For those of you who’ve been living in a cave for the past four years, you’ve got a lot of catching up to do – mainly episodes of “Lost” and “Dancing With the Stars.” Otherwise, things are pretty much as you remember them. Except for this new (to you) thing called Twitter. Twitter is a social networking and micro-blogging (Just Google any words you don’t understand. Oh, but first have someone explain Google to you.) service that enables its users to send and read messages known as tweets. Tweets are text-based posts of up to 140 characters displayed on the author's profile page and delivered to the author's subscribers who are known as followers. No, I’m not making this up. Hey, well it’s partially your own fault for choosing cave dwelling for the past few years, now, isn’t it? I was upset about the Enron disaster, too, but I didn’t go all prehistoric about it.
Anyway, since its creation in 2006, Twitter has gained notability and popularity worldwide. It is ranked as one of the 50 most popular websites worldwide with 55 million monthly visits and a monthly growth of 1,382 percent. Is it any wonder that Jews, being the great communicators we are, have taken to it like lox to eggs?
Imagine if Twitter had always been around.
Imagine, though, if Twitter had always been around. How might that have changed the lives of notable Jews through history? What might their tweets have said? What kinds of insights might we derive from studying them? These are the kinds of thoughts that fill my mind on a daily basis. Which means that either I’m an extremely thoughtful, imaginative person – or that I’ll have to be in regular, frequent, psychological therapy for years and years before any progress is notable. But that’s not your problem. All you need to do is enjoy the following Jewish Tweets Through History.
What good is escaping from a locked, underwater crate if your mother-in-law is waiting to nag you as soon as you get out?
Being a Jewish baseball player was like being an Amish secret agent. Strangely, my cousin is an Amish secret agent. But I digress.
Let my people go – and then check out our cool nomadic community at groovychosenpeople.com. Free unleavened bread the first 100 to logon.
“E=MC². I know that may seem confusing now, but one day you’ll recognize it as the work of a genius. I know; I’m working on my humility.”
Twitter’s great for people like me, whose voices can put anyone within a three mile radius to sleep.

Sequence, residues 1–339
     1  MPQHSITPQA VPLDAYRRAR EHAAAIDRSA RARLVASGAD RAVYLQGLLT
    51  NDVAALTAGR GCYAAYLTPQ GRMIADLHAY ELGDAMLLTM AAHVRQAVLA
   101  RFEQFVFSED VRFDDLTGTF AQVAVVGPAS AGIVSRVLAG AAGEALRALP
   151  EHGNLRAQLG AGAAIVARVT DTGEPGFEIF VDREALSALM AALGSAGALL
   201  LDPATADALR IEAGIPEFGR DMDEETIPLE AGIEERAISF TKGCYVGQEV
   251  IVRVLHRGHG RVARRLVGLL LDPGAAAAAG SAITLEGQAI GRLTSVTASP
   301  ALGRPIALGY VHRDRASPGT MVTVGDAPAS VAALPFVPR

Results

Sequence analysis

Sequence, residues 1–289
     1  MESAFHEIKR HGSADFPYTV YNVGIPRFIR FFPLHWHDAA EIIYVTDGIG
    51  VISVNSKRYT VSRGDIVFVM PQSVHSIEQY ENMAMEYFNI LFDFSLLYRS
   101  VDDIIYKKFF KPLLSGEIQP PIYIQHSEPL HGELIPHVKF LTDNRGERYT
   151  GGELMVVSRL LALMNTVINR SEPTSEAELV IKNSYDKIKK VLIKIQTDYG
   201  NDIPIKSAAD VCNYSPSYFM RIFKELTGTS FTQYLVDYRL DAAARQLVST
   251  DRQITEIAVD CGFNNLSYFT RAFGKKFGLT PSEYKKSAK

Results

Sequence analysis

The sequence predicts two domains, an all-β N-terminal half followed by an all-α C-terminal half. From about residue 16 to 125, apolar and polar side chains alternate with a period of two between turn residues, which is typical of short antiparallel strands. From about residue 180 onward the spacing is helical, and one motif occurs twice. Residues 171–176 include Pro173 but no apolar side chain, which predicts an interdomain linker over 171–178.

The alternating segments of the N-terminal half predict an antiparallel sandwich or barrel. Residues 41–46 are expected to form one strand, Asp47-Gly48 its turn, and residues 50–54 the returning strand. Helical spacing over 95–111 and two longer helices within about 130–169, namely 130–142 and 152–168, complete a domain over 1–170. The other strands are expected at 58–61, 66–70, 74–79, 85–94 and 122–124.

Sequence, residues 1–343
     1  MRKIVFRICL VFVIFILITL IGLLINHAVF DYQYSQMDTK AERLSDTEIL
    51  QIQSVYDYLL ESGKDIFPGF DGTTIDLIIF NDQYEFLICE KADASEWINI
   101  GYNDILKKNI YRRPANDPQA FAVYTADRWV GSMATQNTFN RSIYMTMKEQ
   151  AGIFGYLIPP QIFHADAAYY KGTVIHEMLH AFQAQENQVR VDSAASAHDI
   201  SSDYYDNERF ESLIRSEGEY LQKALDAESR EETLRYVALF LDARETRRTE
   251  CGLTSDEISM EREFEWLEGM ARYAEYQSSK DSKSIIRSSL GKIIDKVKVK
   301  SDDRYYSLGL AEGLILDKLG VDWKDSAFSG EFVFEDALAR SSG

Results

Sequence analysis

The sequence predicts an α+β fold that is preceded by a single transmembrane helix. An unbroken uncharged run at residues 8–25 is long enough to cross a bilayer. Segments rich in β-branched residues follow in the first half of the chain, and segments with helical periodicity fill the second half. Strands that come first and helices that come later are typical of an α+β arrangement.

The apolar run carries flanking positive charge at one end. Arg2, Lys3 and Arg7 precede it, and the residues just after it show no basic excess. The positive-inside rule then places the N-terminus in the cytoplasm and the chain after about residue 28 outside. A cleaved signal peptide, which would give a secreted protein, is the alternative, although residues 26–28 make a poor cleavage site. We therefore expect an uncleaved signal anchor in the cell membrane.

“The human psyche can be divided into three parts: ego, super-ego, and id. I’d say more, but our time is up. How does that make you feel?”
Gambling, bootlegging, murder – does life get any more satisfying than this? Hey, pass the whitefish.
“I can’t understand why they won’t let me star in ‘Hamlet.’ My only requirement is keeping the moustache, glasses and cigar.”
A first sign of the beginning of understanding is the wish to die. How come I’m not invited to more parties?
A rose is a rose is a rose. Same thing applies to a bad piece of cheese, but it doesn’t look as classy on the page.
How is it that a man can found the American Federation of Labor and still not be able to get a date? Life’s just not fair.
How many characters must a man write down before they call it a tweet? The answer my friend is found on Twitter’s FAQ page.
Hey, if you ate as much cholent as I did, you’d paint men and goats flying over houses, too!
Marilyn, you don’t know me, but I’m a fairly well known author and I just get the feeling that we might hit it off.
I just want to meet a woman who’ll let me stick needles in her arm. Is that too much to ask? But, no, they all have to call me a weirdo.
For our first date, Siggy had me rest on the couch and discuss my unresolved feelings about my father. I would have preferred a picnic.
Mark my words – some day my name will be on your rear end.
Louis B. Mayer
If only I could meet two other people named Metro and Goldwyn – then my career would really take off!
One day I’ll be known as the most famous feminist and founder of the National Organization for Women. Then I’ll be able to get a date.
Robert J. Oppenheimer
I’m working on a top-secret project in Los Alamos for the U.S. government. It’s the bomb!
If you have any neighbors with a German accent who seem kind of nervous and stand-offish, please let me know.
There’s no business like show business – though air conditioner repair work comes close.